John Muir, one of America's most influential conservationists, once wrote that "going to the woods is going home."
If you've ever emerged from a hike or camping trip only to find with a clearer mind, you know exactly what Muir means. Nature has a way of providing comfort when you need it the most. It resets your thoughts and puts you at peace -- just like a visit home would.
But poetic love letters to the great outdoors aside, there is actually some significant value to Muir's musings when it comes to greenery. Research consistantly finds that nature has a profound impact on the brain.
Read on to discover just some of the ways the great outdoors can transform your mental space.
Being in nature makes you feel more alive.
A 2010 study from the University of Rochester found that spending time outdoors not only makes you happier, it also can lead to an increased sense of vitality. This could be why we feel so energized -- mentally and physically -- when we return from spending a day in the park or going on a hike. Nature can lead to a surge of energy, according to the researchers.
Nature is restorative.
In an analysis of research on how nature keeps us calm, Atlantic writer Adam Atler explains why being outside is like hitting the reset button on our brains. The key, he writes, is through a psychological process known as attention restoration theory:
The difference between natural and urban landscapes is how they command our attention. While man-made landscapes bombard us with stimulation, their natural counterparts give us the chance to think as much or as little as we'd like, and the opportunity to replenish exhausted mental resources.
It relieves depressive symptoms.
Just a quick walk in the park can do wonders for your mind. A 2014 study found that participants who took group nature walks saw a host of mental-health benefits, including decreased depression and better moods. Not only that, taking a walk in nature gets you the additional benefit of exercise, which also boasts some mental health perks.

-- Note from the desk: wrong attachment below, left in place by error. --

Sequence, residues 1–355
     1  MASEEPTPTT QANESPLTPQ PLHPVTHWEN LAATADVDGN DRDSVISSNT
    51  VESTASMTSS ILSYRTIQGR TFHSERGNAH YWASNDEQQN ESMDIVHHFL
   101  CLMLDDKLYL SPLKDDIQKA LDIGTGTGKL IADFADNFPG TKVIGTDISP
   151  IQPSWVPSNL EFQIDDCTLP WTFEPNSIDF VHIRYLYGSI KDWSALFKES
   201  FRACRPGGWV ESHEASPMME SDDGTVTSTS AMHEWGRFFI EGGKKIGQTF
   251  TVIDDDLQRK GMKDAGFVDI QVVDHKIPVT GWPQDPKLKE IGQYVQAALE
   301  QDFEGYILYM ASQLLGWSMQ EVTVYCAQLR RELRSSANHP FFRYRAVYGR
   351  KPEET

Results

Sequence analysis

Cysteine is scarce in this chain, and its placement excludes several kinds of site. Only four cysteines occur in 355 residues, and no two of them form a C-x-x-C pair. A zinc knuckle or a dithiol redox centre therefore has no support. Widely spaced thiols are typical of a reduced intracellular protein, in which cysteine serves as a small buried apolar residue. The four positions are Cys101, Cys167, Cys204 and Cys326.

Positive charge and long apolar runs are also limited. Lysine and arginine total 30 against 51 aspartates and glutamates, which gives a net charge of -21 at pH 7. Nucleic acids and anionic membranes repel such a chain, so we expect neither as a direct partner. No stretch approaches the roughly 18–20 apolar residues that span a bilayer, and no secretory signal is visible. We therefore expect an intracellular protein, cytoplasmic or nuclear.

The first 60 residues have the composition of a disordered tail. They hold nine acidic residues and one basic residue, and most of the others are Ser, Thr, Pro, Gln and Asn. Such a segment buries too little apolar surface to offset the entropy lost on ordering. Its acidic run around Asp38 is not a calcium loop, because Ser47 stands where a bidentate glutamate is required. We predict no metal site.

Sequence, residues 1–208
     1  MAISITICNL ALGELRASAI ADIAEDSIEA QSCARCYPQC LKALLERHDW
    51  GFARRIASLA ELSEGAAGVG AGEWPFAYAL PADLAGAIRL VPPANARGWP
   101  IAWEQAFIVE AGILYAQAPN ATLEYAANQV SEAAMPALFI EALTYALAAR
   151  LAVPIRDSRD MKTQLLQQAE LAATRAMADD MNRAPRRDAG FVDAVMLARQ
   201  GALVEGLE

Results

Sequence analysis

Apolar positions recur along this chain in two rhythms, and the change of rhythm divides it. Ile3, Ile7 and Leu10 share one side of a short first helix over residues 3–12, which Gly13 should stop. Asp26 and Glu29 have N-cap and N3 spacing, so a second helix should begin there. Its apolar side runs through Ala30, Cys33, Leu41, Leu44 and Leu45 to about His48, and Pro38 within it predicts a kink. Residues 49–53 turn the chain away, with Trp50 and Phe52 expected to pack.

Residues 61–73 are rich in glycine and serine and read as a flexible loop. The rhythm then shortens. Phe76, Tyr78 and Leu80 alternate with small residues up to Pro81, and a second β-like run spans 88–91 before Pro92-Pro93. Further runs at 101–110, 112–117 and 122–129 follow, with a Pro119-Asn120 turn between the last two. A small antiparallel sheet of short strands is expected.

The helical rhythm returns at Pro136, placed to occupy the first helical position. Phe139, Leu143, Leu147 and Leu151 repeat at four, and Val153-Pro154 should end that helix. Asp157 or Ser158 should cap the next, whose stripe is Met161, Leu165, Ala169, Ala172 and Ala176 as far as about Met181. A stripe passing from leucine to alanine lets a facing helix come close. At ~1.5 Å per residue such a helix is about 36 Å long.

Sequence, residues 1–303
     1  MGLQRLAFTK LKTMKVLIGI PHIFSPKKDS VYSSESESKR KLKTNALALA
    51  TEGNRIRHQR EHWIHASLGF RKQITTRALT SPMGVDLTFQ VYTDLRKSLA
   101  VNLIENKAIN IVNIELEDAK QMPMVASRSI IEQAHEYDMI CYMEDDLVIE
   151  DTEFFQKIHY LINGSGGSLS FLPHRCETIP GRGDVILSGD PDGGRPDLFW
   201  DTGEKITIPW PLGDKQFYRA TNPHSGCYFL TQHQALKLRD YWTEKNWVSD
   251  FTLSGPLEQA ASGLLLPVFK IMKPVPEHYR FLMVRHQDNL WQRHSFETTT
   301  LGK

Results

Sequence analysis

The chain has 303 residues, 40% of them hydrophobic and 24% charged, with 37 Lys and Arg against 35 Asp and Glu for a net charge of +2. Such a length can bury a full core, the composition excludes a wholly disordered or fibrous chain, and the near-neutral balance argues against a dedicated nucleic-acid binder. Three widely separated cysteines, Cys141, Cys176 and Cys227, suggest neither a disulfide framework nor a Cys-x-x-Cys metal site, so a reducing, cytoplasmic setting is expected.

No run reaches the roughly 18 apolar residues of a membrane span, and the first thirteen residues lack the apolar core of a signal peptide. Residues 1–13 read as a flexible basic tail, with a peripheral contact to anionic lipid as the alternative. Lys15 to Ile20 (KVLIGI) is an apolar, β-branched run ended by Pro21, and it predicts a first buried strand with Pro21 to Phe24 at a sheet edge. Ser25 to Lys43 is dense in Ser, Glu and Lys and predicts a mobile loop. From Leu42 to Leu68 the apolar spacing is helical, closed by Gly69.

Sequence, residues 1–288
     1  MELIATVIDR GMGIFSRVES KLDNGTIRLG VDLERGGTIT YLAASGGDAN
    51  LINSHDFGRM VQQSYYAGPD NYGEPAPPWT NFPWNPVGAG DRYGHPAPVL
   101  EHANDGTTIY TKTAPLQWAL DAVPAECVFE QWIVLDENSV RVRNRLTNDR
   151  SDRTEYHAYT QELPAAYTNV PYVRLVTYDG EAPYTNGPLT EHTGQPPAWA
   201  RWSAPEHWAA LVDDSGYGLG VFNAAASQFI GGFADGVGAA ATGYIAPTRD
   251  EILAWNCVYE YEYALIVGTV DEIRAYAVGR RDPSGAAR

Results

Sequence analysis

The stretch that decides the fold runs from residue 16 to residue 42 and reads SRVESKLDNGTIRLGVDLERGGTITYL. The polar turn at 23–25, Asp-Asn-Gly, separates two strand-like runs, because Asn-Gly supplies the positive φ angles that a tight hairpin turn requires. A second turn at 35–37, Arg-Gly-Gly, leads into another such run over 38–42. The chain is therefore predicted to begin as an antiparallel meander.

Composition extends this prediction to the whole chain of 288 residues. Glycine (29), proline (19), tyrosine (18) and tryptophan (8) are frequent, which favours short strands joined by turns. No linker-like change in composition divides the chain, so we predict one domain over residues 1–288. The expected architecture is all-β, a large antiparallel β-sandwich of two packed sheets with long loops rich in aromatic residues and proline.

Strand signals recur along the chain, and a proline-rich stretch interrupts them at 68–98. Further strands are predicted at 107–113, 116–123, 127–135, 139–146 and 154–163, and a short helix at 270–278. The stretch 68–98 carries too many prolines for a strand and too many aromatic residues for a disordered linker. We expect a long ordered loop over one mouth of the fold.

Green space makes you more creative.
A 2012 study found that looking at the color green may help spark your inventiveness. You could also argue that being outside can distract your mind from a problem -- and as we know, some of the best ideas come when we're not thinking about them in the first place (why else do you get all of your brilliant ideas in the shower?).
It could improve your sense of focus.
There's a reason why New York has a large selection of parks -- cities can have a negative influence on the brain, according to a 2011 study. Think about the number of stimuli you encounter in a busy urban area: traffic, coffee shops, throngs of people. These distractions impact the area of your brain that controls your directed attention and your self control, The Boston Globe reported. The antidote? Nature.
Studies suggest that the great outdoors may help with attention. One small 1990s study found that women who lived in Chicago apartments that overlooked a grassy area saw better improvements on basic attention tests than those who looked over concrete areas.
Nature makes you less stressed.
Less stress is perhaps one of the most transformative and obvious ways that nature regulates our mental space. One small study published in the journal Landscape and Urban Planning found that adults who lived in areas with the most amount of green space experiences lower levels of cortisol, also known as the stress hormone. They also self-reported feeling lower stress than city dwellers.
Research also suggests that being in nature can have a healing effect. It can help reduce feelings of fear or anger, lower your blood pressure and contributes to psychological well-being overall.
Ready to head outdoors yet?
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